Organic Agriculture Development in Africa: A Food Safety and Food Security Perspective
20 Pages Posted: 30 Jun 2016
Date Written: April 19, 2015
Efforts to mainstream ecological organic agriculture within the Africa Union gained momentum following earlier processes such as the 2003 International Assessment of Agricultural Knowledge, Science and Technology for Development (IAASTD) and the ultimate endorsement of Comprehensive African Agriculture Development Programme (CAADP).
These initial processes (IAASTD and CAADP) were later followed by the Conference of African Ministers of Agriculture (CAMA) in Lilongwe, Malawi during October 2010 which provided the basis for the endorsement of the executive decision EX.CL/Dec.621 (XVIII) on organic agriculture by African Presidents in 2011. Organic agriculture was endorsed within the perspective of food security and food safety, mitigating against climate change, improving rural livelihoods for small holder farmers and providing special attention to semi-arid areas.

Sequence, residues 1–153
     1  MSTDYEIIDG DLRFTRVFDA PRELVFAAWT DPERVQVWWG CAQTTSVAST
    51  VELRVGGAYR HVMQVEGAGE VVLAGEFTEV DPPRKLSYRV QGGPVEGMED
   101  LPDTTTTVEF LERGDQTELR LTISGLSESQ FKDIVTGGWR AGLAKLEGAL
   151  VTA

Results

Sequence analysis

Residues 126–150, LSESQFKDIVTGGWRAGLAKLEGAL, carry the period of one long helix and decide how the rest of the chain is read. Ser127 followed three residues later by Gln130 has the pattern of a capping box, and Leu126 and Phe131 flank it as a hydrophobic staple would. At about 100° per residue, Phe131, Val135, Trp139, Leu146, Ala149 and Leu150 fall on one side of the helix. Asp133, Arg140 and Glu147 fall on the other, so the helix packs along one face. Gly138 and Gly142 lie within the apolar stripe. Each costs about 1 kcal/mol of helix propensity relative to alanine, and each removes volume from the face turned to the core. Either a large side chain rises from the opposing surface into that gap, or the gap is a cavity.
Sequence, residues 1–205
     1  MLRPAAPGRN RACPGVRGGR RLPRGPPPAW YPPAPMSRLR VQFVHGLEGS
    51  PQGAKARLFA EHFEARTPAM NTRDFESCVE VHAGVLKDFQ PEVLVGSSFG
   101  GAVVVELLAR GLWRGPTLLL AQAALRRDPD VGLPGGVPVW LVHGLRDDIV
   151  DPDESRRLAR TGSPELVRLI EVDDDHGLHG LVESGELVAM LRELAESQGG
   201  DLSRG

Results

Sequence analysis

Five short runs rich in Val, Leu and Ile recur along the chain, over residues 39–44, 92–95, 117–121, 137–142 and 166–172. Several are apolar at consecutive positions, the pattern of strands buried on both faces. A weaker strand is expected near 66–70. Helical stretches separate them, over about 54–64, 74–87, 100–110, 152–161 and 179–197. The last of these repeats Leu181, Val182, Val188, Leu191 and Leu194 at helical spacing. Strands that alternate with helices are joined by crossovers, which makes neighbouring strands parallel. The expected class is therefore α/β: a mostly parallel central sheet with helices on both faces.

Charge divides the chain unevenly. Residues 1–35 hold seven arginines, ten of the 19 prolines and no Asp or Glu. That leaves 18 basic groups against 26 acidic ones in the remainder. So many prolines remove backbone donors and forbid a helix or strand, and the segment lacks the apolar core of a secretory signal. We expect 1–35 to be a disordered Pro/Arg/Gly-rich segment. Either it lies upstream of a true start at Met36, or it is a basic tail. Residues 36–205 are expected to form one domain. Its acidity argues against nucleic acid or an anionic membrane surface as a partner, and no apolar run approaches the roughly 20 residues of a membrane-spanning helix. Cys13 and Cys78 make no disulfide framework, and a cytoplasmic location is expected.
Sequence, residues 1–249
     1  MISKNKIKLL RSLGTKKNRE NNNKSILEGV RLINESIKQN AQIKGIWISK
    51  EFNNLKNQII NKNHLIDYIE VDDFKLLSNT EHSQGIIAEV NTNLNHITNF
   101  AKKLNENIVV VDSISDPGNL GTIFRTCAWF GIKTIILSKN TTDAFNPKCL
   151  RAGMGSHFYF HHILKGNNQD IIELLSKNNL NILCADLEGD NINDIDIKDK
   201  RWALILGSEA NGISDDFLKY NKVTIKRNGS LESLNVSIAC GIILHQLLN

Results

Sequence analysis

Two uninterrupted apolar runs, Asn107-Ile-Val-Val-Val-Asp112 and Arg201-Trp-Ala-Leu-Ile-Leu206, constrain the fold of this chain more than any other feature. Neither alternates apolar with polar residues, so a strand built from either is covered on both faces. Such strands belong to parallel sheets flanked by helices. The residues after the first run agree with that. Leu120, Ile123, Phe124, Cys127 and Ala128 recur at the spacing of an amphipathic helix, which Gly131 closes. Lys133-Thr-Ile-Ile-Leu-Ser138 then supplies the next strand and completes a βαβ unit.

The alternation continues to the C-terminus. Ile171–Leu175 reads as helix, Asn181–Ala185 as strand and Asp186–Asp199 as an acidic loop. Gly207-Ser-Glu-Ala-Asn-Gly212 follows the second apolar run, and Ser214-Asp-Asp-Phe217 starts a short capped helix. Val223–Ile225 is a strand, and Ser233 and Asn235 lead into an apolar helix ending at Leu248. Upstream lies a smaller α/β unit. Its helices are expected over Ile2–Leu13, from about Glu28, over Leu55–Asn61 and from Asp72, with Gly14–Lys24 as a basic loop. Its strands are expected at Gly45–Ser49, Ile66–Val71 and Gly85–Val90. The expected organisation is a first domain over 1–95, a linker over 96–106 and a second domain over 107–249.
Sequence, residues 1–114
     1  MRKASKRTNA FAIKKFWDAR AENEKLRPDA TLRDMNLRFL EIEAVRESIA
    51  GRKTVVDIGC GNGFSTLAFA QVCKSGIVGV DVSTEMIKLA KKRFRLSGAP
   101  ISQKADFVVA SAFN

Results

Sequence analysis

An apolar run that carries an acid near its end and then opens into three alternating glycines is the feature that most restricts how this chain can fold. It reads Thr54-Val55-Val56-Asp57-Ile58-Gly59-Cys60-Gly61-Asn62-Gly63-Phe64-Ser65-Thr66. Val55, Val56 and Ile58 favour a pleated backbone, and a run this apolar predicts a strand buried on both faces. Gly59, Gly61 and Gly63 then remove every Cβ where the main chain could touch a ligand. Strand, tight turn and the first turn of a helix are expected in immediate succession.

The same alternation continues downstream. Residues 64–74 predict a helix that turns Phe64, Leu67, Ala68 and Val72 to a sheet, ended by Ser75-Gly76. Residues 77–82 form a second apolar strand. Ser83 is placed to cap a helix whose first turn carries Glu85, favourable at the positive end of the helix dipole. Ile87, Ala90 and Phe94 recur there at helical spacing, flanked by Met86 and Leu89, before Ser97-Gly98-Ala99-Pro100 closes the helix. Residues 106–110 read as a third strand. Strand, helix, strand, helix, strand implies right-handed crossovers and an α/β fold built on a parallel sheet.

The move by African Union to endorse Organic Agriculture provided the impetus for an organized approach to mainstream organic agriculture in the region. This study examines the evolution and mainstreaming of organic agriculture over time using case studies of six countries of Africa; Kenya, Uganda, Tanzania, Ethiopia, Zambia and Nigeria. The researchers did travel to these countries and conducted interviews with National Organic Agriculture Movements and other related important actors. The main finding of the study is that most countries are still finding it a challenge to mainstream organic agriculture despite being signatories to the 2010 executive decision. This happens despite the acknowledgement of the benefits inherent in organic agriculture with respect to food safety and food security.
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